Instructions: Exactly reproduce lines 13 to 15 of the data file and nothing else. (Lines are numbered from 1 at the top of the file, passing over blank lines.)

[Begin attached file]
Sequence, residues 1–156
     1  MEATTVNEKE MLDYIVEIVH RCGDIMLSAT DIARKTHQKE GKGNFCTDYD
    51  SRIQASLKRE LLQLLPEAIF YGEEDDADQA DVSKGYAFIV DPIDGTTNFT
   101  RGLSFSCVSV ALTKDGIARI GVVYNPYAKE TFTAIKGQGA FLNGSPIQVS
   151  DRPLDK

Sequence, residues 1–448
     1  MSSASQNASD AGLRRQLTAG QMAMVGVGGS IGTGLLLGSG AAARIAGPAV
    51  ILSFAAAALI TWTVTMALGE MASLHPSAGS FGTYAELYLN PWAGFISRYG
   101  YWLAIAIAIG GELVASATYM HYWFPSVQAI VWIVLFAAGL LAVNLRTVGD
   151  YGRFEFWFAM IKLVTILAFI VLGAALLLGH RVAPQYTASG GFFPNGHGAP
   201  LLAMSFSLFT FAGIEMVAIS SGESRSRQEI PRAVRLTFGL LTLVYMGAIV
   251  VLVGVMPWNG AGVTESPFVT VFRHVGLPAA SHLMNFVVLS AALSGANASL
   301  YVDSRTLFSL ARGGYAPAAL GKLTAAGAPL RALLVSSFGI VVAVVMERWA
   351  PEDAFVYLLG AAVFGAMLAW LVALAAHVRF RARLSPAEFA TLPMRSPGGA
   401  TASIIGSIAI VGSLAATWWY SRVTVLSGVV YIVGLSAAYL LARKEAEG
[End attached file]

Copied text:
   301  YVDSRTLFSL ARGGYAPAAL GKLTAAGAPL RALLVSSFGI VVAVVMERWA
   351  PEDAFVYLLG AAVFGAMLAW LVALAAHVRF RARLSPAEFA TLPMRSPGGA
   401  TASIIGSIAI VGSLAATWWY SRVTVLSGVV YIVGLSAAYL LARKEAEG